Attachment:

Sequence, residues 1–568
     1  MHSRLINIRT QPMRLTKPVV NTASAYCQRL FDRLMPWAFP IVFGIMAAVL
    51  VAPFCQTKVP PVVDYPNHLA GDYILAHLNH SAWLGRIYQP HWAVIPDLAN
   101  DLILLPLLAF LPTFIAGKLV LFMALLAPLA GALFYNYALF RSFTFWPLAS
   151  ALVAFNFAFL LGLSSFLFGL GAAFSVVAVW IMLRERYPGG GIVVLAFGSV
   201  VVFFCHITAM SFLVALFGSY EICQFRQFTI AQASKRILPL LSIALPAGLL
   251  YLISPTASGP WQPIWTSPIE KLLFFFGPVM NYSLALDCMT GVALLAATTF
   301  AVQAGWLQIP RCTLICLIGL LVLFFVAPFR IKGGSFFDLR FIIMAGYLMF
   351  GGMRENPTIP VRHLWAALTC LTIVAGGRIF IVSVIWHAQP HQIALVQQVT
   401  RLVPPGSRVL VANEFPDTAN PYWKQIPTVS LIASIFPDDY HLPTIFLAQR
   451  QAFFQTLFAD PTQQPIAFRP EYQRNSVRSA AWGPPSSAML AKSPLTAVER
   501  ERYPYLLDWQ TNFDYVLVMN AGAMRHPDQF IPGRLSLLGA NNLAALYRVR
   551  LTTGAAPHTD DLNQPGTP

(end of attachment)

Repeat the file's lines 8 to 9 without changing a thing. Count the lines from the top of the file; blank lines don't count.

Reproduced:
   301  AVQAGWLQIP RCTLICLIGL LVLFFVAPFR IKGGSFFDLR FIIMAGYLMF
   351  GGMRENPTIP VRHLWAALTC LTIVAGGRIF IVSVIWHAQP HQIALVQQVT